Where Can You Drive an Electric Vehicle?  

Where Can You Legally Drive an Electric Vehicle?

Anywhere you can drive your current vehicle. The modern electric vehicle is equipped with all the safety features required to operate on rural roads and highways alike. Early models were not highway capable, but those days are now long past and highway capable electric vehicles are produced by virtually every major automotive manufacturer.

Of course there may be some weird local rules somewhere, but for the vast majority of the population you can drive your electric vehicle for all of your daily activities.

Where is it Practical to Drive an Electric Vehicle?

It's practical to drive an electric vehicle in most large population centres. Range and charging rate are the most important factors to consider when deciding if an electric vehicle is appropriate for you in general or on a particular drive. 

When buying a battery electric vehicle you will notice that the battery capacity is rated in kWh. In general the larger the the battery the more range that vehicle will have. 

Average range across the vehicles currently offered in Canada is 200 km, while the median range is a much lower 131 km. The Tesla model S and model X currently skew the numbers on the higher side. Once the Chevy Bolt and Tesla 3 are released this will bring the average up over 230 km. From a day to day perspective, the range in electric vehicles is determined by current charge status, use of air conditioning and heating, outdoor temperature and weather, driving style, and age of the vehicle.  Keep in mind that these rated ranges are based on the EPA test cycle and may not reflect what you actually experience. Some who live in northern territories, and drive long distances at high speed may see their range cut in half, while someone living in warm temperatures driving only in the city may see their range exceed the rating.

ChargePoint map of North American charging stations. Click on the image to go to ChargePoint to see stations in your area.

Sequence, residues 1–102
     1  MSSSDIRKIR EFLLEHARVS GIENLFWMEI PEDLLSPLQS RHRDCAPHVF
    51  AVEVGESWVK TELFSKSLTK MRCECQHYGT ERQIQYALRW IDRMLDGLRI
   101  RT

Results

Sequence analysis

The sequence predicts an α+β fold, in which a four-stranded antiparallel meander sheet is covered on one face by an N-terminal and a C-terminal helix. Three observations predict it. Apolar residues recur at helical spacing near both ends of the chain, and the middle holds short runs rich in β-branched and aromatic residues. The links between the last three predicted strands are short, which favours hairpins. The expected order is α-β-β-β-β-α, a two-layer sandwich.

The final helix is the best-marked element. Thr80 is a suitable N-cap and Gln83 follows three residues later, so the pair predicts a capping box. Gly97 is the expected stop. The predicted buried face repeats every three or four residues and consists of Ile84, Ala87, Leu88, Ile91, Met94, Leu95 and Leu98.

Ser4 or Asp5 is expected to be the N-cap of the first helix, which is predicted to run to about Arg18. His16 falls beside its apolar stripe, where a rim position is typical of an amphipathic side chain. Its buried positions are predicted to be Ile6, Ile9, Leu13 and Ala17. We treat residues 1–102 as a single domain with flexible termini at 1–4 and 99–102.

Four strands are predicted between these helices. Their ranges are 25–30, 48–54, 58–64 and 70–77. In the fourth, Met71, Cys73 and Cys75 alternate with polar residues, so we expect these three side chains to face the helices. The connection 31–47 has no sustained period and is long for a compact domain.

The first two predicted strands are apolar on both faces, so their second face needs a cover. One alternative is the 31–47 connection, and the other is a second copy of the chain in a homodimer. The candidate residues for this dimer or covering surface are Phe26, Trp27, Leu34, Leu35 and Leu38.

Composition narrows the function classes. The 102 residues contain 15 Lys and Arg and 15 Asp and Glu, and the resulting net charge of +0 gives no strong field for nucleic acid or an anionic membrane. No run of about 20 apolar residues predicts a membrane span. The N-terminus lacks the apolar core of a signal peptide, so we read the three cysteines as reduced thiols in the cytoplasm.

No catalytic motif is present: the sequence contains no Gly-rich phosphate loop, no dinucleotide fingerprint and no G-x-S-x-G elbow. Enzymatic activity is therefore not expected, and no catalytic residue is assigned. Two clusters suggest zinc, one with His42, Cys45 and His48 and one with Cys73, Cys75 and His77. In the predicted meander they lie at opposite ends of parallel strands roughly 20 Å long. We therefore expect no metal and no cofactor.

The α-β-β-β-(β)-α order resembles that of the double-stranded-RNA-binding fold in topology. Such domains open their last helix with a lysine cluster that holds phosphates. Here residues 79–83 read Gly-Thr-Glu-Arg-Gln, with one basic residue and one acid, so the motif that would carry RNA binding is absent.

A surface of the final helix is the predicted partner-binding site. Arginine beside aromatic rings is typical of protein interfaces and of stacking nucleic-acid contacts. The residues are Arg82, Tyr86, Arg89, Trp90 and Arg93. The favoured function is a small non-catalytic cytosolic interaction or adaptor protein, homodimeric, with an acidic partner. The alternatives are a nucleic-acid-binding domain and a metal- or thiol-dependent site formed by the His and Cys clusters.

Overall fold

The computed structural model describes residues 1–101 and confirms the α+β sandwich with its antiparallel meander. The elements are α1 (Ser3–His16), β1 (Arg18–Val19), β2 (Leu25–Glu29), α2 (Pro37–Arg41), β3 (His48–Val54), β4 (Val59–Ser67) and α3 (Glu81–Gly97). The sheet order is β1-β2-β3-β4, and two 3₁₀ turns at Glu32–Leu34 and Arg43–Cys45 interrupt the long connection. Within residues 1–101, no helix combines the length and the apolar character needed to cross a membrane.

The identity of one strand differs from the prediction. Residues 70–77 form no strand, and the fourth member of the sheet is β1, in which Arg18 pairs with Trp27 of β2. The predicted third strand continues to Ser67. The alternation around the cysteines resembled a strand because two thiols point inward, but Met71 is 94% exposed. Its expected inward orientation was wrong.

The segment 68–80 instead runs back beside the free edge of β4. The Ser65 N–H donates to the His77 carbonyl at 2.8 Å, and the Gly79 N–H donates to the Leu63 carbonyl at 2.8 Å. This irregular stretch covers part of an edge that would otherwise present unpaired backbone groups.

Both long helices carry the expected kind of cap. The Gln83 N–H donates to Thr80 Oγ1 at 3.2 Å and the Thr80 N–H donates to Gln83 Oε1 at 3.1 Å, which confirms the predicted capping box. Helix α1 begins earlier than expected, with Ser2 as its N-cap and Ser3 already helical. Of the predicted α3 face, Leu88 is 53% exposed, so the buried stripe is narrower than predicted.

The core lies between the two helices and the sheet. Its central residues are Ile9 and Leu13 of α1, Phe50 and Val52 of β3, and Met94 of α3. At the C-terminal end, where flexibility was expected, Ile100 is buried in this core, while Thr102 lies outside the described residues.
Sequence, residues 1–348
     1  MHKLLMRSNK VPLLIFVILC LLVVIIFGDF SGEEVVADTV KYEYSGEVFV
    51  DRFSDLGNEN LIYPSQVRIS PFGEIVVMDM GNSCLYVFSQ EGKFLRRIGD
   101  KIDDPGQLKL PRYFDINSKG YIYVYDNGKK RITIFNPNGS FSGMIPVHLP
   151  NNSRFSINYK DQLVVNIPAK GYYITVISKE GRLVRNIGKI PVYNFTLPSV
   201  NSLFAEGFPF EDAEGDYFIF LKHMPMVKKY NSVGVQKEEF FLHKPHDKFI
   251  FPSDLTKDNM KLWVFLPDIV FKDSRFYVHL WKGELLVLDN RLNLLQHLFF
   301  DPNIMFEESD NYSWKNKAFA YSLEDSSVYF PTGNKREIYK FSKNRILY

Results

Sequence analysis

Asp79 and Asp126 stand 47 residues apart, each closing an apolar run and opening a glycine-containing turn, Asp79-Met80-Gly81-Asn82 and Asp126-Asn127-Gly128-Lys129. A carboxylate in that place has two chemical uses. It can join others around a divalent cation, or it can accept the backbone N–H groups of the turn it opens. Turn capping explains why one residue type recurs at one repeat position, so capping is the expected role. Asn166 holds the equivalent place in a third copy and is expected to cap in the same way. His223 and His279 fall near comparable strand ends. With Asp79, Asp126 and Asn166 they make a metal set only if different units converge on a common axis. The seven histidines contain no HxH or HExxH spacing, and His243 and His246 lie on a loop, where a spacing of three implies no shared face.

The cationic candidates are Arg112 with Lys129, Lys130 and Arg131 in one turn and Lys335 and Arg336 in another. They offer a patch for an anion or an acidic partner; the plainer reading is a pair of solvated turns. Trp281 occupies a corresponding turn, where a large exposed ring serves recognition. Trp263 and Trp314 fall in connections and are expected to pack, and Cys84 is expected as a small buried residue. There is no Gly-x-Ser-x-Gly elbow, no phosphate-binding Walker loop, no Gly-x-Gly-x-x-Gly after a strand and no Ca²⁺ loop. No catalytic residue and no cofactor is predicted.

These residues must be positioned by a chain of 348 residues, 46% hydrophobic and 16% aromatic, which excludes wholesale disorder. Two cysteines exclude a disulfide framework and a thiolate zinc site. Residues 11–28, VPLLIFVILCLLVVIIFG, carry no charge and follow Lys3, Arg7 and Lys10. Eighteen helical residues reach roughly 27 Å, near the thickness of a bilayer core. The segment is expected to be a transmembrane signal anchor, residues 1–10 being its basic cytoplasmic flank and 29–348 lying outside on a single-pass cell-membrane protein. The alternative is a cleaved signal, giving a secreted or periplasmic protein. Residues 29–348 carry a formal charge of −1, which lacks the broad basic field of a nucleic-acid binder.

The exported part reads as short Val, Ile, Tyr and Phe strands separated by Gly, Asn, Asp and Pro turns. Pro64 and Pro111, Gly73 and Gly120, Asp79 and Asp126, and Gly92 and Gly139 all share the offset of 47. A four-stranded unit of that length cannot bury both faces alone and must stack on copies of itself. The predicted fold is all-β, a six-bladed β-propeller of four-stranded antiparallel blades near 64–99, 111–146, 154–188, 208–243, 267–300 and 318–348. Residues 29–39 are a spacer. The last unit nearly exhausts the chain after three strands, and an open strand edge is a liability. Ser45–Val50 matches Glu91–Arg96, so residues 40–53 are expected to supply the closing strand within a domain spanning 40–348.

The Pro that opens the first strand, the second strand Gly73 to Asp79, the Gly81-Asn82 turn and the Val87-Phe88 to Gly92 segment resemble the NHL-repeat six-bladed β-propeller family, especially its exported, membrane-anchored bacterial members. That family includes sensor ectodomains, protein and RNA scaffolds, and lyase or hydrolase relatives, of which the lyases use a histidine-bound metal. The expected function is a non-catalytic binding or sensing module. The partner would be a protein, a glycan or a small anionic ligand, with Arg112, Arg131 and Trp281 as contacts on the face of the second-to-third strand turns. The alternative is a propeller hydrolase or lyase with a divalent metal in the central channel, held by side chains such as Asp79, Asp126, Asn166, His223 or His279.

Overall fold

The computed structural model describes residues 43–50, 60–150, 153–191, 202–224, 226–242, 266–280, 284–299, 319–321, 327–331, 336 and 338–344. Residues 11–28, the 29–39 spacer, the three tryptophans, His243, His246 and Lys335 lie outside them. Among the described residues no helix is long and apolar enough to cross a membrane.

Tesla Home Charging Station

Tesla map of North American supercharger stations. Click on the image to go to Tesla to see stations in your area.

Typically, ev owners will charge their cars at home overnight. This is the most convenient way to do it, and most often the cheapest. Chargers at home are rated at 120 V, a standard wall outlet voltage, or 240 V like the large appliances in your house.

If you have a long commute and need to recharge at work before heading home or if you're on a road trip then you would look for one of the thousands of charging stations.

When you're looking for a charge on the road you will find them catagorized as Level 1, Level 2, and Level 3. These levels correspond to the type of charging station and the rate of charge you will receive. Basically, level 1 is that 120 V station and takes a long time to charge. Level 2 is the 240 V station and charges much faster. Level 3 is the fastest, but not all cars are able to use them. If you want to know more about charging station technology it is covered on another page. You can find these ev charging stations through several websites and apps including ChargePoint and Tesla with pictures and links above. On the ChargePoint picture above, the numbers represent the number of charging stations in that area. You will also naturally start to notice charging stations at work, shopping centres, and around town as you begin to look for them. You might even discover some that aren't on any online map.

Regardless of where you plug in, when you do plug in, your electric vehicle will determine how much power is available and attempt to charge the battery as quickly as possible. The rule of thumb for non Teslas (and the future Chevy Bolt) is 24 hours to fully charge at a level 1 station, 4 hours at a level 2, and 30 minutes to 80% at a level 3. In terms of kilometers added per hour that would be roughly 7 km in an hour at level 1, 40 km in an hour at level 2, and 190 km in 30 minutes at level 3.

Tesla Supercharger Station

The Tesla supercharger network is currently the largest level 3 charging station network. Tesla Motors has also made a commitment to continue growing their network so if you're interested in driving a Tesla but have no superchargers in your area, check back frequently to see if they've added any in your area. 

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